Wasps, Hornets and Yellow Jackets, Oh My!

Posted by Sam on 8/7/2020 to Emergency Care
Wasps, Hornets and Yellow Jackets, Oh My!

It's not the lions or tigers that are the scariest part of the summer season. They’re barely bigger than a quarter, but even the biggest bear might flinch away from the bright yellow glow of the venomous insects that haunt yards and gardens all over. Insect repellent and protective clothing can only do so much, and although we do our best to avoid infested areas, there might be an incident once in a blue moon. Those who aren't allergic will only show minor reactions to a sting if they are unlucky enough to enrage the beasts. For others it is a life and death chance that can result in a panic induced trip to the emergency room if they aren't careful.

In the event of a sting, redness, swelling, and itching can occur along with the initial sensation of sharp pain and a burning sensation at the sting site. Most non allergic reactions are followed by a raised welt at the sting site and a white mark at the center where the stinger punctured the skin. Pain and swelling will fade a few hours after being stung, and can be managed using hydrocortisone cream. It is important to avoid scratching the itch, as you can cause more damage and make a simple problem significantly worse.

Allergic reactions to stings can include:

  • swelling of the face, lips, or throat
  • hives or itching in areas of the body not affected by the sting
  • breathing difficulties, such as wheezing or gasping
  • dizziness
  • sudden drop in blood pressure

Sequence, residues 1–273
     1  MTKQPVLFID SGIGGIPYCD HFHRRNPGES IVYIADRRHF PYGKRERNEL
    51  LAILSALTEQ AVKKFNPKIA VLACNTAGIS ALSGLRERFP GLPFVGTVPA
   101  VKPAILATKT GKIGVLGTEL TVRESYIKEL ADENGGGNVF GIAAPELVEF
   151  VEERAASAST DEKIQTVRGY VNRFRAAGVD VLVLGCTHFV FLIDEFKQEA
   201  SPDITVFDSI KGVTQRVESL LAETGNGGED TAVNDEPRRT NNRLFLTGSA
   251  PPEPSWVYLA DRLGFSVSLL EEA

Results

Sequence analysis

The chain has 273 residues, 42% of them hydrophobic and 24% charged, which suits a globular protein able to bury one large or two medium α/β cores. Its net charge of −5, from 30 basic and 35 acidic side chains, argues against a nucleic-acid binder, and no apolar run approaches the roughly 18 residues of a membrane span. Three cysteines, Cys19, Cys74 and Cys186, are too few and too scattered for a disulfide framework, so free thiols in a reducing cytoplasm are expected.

• lightheadedness
  • loss of consciousness
  • nausea or vomiting
  • diarrhea
  • stomach cramps
  • weak or racing pulse

  • Severe reactions are referred to as anaphylaxis. Those who go into anaphylactic shock do so very quickly, so it is important to seek emergency care right away. Those with a history of anaphylaxis or who are aware that they have severe allergic reactions should carry an emergency injection kit that contains epinephrine such as the EpiPen™. Epinephrine helps stabilize blood pressure and heart rate and helps respiration return to normal. However, the individual should still seek immediate medical attention.

    Treating a Reaction at Home

    Stings can be treated at home with a first aid kit:

  • Wash the sting area with soap and water to remove as much of the venom as possible.
  • Apply a cold pack to the wound site to reduce swelling and pain.
  • Keep the wound clean and dry to prevent infection.
  • Cover with a bandage if desired.

  • Hydrocortisone cream or calamine lotion will help with itching if it is unbearable. Over the counter pain relievers such as ibuprofen and acetaminophen can manage pain and antihistamines such as diphenhydramine and chlorpheniramine can reduce itching. When taking any medication, follow the instructions carefully.

    Severe reactions cannot be taken lightly, it is important to have a First aid kit on hand with that Epinephrine dose available right away. Each dose is designed for the individual to use on their own but it is important for close friends and family to know where and how to administer the medication as well. Treat each incident as an emergency, and make sure there is a clear plan laid out ahead of time.

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    Photo by Colin Davis on Unsplash

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